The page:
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main index © Jeff Matthews entry Oct 2008
Everything is related to Naples
Number 12 in this series. Link to all items here.
& the Queen of Naples
are a Protestant music-lover with no knowledge of
history, you might just let that mention of a queen
slide. (Uh, sure…queen of Rome…sounds right…I guess.)
If you are an opera-loving Roman Catholic, however,
you may think, “Now hold on just a minute. Queen of
Rome? I know we've had some scoundrel popes, but…”
(Actually, Peter and a few others were
married—before they became pope.) No, you can relax.
The queen in question in Tosca is not Mrs. Pope, but rather Maria Carolina, the
queen consort of King Ferdinand of the Kingdom of
Naples. She, the queen of Naples, was briefly “Queen
background is convoluted and violent—totally normal
for Europe around 1800:
—In February of 1798, forces of the French Republic enter Rome and proclaim the Roman Republic. This is in line with the French Republic’s setting up of client states, “sister” republics, in the territory under French control, including the Neapolitan (aka “Parthenopean”) Republic in January of 1799. The French demand that Pope Pius VI renounce his temporal authority; that is, that he abdicate as king of the Vatican States. He refuses. He is arrested and removed to Valence in south-eastern France. He dies in captivity in August of 1799.
—There is an
immediate attempt by the Kingdom of Naples to
overthrow the Roman Republic in 1798. It fails
miserably. Shortly thereafter, the republic in Naples
is proclaimed and King Ferdinand and Queen Caroline
flee to Sicily.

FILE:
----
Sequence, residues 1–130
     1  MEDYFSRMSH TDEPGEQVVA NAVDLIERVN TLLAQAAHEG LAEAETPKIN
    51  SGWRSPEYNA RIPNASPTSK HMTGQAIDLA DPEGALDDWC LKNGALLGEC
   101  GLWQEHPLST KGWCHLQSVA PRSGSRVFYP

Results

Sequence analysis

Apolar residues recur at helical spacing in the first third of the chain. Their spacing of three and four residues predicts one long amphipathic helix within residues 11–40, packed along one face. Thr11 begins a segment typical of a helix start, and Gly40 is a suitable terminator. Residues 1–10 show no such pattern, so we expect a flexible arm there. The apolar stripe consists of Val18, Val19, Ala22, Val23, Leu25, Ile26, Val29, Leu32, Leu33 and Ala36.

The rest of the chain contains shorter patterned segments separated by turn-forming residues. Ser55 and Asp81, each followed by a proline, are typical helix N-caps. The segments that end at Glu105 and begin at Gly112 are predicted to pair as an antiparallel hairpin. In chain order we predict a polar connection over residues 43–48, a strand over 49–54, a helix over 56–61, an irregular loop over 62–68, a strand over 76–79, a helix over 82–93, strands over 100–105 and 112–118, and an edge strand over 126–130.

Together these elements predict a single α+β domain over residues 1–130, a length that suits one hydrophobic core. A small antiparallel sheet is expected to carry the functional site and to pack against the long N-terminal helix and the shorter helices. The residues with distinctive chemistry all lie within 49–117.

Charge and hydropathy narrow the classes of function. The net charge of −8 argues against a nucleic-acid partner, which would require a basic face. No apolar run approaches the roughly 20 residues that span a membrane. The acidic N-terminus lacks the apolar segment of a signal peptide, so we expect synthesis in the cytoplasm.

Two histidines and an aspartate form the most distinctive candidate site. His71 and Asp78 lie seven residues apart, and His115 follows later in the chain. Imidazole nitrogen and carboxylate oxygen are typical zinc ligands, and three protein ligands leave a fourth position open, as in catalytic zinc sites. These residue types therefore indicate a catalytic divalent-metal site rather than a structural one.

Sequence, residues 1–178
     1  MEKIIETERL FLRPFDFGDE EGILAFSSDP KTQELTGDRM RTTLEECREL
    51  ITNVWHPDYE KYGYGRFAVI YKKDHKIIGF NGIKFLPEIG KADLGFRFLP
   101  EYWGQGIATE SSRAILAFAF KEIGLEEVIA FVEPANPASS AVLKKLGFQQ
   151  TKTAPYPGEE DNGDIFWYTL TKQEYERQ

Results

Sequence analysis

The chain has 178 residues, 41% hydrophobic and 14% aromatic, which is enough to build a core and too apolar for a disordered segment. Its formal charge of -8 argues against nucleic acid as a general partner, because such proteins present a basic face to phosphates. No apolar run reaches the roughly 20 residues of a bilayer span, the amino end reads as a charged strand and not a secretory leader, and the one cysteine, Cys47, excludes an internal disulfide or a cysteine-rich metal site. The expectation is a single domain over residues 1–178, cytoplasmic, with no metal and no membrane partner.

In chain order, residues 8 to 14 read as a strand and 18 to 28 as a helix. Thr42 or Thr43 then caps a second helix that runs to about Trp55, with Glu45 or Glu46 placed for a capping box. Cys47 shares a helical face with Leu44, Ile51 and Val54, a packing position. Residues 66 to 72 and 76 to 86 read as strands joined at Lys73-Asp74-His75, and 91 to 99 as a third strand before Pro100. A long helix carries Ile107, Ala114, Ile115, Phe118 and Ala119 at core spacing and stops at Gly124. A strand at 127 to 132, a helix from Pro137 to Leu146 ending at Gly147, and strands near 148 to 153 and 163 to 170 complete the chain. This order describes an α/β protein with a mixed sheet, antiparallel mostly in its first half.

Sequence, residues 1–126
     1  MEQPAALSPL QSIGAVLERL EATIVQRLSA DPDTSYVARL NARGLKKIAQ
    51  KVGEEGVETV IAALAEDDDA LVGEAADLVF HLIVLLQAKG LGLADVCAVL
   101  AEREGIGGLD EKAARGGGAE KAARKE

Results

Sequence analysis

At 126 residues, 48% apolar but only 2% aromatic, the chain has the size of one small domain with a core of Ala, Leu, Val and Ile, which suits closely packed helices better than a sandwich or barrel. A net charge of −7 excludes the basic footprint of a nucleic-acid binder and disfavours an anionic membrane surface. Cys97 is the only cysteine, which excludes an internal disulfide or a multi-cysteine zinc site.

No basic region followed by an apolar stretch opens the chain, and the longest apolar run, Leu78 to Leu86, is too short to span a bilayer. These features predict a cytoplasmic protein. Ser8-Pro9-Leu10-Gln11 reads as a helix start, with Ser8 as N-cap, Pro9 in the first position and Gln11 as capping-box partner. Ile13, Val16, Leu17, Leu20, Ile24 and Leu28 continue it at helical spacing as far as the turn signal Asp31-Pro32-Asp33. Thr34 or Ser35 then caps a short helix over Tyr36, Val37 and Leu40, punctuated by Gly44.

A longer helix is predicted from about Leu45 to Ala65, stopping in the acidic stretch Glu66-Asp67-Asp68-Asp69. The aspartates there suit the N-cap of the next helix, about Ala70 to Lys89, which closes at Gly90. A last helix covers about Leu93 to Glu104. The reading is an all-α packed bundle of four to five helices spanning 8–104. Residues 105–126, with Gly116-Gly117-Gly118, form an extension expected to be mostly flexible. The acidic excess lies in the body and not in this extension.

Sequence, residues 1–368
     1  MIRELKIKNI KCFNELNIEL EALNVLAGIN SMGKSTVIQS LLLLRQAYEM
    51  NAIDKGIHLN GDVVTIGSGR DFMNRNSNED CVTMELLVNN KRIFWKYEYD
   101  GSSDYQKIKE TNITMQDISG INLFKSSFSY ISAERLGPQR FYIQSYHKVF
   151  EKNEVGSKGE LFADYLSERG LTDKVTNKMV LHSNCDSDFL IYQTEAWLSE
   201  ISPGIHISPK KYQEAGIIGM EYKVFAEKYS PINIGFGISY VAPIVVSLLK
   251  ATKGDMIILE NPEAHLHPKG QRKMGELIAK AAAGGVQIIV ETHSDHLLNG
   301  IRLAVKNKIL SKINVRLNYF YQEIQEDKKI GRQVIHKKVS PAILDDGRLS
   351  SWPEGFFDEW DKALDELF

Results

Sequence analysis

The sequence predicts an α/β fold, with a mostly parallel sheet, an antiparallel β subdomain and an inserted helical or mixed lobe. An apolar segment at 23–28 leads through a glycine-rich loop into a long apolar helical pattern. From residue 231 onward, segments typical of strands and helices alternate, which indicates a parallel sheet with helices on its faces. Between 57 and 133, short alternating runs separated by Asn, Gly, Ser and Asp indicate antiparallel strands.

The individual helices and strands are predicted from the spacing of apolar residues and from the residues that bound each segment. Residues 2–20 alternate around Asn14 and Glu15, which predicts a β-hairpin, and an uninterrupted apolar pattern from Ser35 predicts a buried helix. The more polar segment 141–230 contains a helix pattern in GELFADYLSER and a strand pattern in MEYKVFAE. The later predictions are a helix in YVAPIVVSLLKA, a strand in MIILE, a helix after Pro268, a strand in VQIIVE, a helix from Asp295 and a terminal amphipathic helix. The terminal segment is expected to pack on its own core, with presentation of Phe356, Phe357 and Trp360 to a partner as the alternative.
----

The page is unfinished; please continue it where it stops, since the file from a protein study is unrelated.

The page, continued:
Napoleon is off in Egypt, Austrian-Russian
forces cross into northern Italy; between April and
August of 1799 they defeat and dissolve various
republics previously set up by the French. At the same
time, Bourbon royalists under Cardinal
Ruffo come back, overthrow the republic in
Naples in June of 1799 and reinstall Ferdinand and
Farnese in Rome (print by
—The exiled Pope Pius VI then dies in August of 1799. Now you have the still extant Roman Republic surrounded by crumbled or crumbling “sister” republics. The Roman Republic teeters and finally falls in September of 1799 when Neapolitan forces occupy Rome. Thus, the republics are gone and the pope/king can return to Rome to reclaim his temporal throne. But there is no pope; he died, remember?
—Queen Caroline to the rescue. She appoints herself “regent” (for the absent Pope) of Rome, and she rules as such from September 1799 to July 1800, when the new pope (Pius VII, elected in Venice a few months earlier) reenters the Eternal City.
that, in June 1800, Napoleon (who has really
just been warming up all this time) crosses the Alps
and invades Italy again, winning a major battle at
Marengo on June 14. The battle is see-saw for a while
and the events in Tosca
revolve around a celebration in honor of Napoleon’s
anticipated defeat, a celebration at which Tosca is to
sing. That never happens, of course. News trickles in
of Bonaparte’s victory at Marengo. Tosca, herself,
then…well, go see the opera.
non-fictional behavior as the “queen” of Rome has not
been the subject of a lot of literature. At least one
Palais Farnese: Ambassade De France, by
Raoul De Broglie. 1953, Paris: Henri
Lefebvre Editor), in describing the Bourbon property,
the Palazzo Farnese
in Rome (illustration, above) where Queen Caroline
held court and where the events of Tosca take place,
speaks of mass arrests of Roman republicans and
executions. No numbers are given, but it is an obvious
comparison with Caroline's behavior in Naples in 1799 after she
and her husband retook the throne there. That she was
vindictive and vicious is a matter of record, but
claims that she was a wholesale butcher in Naples
responsible for "thousands of executions" (as some
claim) are exaggerated. In The
Bourbons of Naples by
Harold Acton (London: Prion Books, 1957), the
Of 8,000 political prisoners 105 were condemned to death, six of whom were reprieved, 222 were condemned to life imprisonment, 322 to shorter terms, 288 to deportation, and 67 to exile, from which many returned: a total of 1,004. The others were set at liberty.
The author has a Bourbon axe
to grind in his book, yes, but he is a reliable
historian, and it is not likely that he simply
made up those numbers. Thus, I suspect that
there were certainly some anti-Republican
reprisals in Rome and that Maria Carolina was
responsible for them. Beyond that, I don't know.